Blockchain technology, developed as a digital ledger to record transactions using the digital currency bitcoin, is finding its way onto campus. The Massachusetts Institute of Technology’s Media Lab and educational software provider Learning Machine recently launched an open-source initiative that allows institutions to create, share, and verify blockchain-based educational credentials.
The potential uses of blockchain technology on campus include providing credential verification and tracking students’ progress through their coursework. Through the platform, credentials collected by students can be securely shared with anyone, such as an employer, who requires official documents.
The platform ensures the documentation sent is authentic and valid, according to a release on Blockchain News.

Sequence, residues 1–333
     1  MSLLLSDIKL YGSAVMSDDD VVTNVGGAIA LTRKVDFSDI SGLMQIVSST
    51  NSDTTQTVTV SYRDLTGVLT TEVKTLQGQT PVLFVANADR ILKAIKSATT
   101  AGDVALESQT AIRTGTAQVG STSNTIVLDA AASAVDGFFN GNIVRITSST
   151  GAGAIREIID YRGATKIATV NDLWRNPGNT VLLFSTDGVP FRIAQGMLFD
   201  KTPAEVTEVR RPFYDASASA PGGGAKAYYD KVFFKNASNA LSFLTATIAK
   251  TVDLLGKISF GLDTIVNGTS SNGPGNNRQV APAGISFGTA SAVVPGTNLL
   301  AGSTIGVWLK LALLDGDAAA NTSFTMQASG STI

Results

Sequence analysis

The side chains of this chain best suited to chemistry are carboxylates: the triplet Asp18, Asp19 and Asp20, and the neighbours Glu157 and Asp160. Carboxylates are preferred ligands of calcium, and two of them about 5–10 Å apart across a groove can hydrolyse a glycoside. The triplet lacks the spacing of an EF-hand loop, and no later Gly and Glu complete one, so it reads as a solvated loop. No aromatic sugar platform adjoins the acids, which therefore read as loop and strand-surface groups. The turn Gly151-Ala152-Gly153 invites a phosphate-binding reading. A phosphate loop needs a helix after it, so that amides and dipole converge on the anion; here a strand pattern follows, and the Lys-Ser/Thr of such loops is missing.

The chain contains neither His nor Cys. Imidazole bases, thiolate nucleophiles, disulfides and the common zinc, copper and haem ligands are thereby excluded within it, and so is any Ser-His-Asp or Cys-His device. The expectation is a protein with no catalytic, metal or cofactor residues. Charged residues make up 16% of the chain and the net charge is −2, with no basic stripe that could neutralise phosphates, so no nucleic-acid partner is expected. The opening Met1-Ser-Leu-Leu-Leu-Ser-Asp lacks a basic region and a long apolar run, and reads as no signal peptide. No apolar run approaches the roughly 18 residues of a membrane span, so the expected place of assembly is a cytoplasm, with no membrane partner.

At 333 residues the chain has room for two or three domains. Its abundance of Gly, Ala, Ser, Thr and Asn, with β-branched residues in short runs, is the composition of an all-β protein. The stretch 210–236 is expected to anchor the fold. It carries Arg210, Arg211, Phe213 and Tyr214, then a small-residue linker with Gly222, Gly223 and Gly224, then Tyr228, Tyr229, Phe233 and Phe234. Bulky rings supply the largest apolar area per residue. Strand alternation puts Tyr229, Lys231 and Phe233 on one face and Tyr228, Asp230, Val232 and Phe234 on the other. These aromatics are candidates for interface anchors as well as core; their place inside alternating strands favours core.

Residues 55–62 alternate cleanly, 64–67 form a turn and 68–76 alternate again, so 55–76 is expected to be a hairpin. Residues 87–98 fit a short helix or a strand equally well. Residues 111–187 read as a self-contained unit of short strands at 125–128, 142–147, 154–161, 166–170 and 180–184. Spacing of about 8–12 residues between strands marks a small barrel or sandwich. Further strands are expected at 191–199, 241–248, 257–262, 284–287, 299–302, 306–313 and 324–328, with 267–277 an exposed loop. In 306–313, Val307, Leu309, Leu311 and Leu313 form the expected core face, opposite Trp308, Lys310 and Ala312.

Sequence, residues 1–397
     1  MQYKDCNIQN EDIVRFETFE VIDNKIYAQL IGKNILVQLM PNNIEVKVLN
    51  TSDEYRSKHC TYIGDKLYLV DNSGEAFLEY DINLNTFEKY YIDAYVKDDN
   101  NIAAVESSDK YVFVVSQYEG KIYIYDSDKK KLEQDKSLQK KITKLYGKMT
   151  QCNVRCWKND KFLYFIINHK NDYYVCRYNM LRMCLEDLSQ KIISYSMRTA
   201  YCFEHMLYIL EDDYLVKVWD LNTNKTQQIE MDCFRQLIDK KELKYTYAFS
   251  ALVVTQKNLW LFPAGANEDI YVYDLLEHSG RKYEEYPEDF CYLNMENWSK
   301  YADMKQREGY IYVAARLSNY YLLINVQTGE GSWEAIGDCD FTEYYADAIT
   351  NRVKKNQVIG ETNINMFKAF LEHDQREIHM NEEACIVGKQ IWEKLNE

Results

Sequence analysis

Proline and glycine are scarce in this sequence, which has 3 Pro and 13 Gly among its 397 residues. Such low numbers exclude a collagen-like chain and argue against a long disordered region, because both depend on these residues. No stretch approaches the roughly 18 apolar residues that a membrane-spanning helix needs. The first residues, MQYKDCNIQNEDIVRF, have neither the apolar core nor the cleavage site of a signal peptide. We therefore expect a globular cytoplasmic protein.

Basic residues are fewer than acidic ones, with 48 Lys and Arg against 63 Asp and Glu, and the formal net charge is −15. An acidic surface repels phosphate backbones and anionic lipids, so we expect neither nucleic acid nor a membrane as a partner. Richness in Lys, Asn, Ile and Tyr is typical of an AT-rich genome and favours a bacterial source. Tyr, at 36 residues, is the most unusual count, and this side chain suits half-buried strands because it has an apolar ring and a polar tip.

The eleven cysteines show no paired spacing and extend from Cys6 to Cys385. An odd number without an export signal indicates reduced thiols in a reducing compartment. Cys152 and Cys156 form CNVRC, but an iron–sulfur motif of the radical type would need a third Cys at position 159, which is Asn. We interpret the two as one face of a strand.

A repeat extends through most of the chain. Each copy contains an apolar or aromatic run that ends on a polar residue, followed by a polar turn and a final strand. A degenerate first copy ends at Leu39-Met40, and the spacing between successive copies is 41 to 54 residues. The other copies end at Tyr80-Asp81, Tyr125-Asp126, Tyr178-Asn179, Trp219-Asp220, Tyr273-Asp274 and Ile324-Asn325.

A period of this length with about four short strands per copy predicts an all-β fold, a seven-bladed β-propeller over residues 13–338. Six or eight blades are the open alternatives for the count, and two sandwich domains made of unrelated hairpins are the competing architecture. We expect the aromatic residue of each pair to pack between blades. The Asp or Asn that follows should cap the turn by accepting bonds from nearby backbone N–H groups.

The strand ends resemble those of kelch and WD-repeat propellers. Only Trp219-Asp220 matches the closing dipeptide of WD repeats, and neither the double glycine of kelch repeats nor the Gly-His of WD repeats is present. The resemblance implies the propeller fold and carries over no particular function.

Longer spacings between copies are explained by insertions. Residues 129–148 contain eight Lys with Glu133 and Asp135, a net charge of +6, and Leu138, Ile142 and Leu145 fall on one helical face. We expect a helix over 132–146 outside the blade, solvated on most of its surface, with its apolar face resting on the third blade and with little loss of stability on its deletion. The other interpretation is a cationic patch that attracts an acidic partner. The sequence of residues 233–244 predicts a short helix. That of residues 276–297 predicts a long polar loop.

“The goal of our collaboration with the MIT Media Lab is to empower individuals with shareable credentials that can be used peer-to-peer and verified as authentic,” said Chris Jagers, co-founder and CEO of Learning Machine. “The current system for sharing official records is slow, complicated, expensive, and broken for everyone in a myriad of ways. The first generation of students to grow up entirely during the Internet age have started applying for college, and many admissions officers can share stories about applicants trying to text photos of their academic records. The expectations, while seemingly humorous, convey an honest impression about the way things should work. It should be that easy for people to share certified records directly with others and have them trusted as authentic.”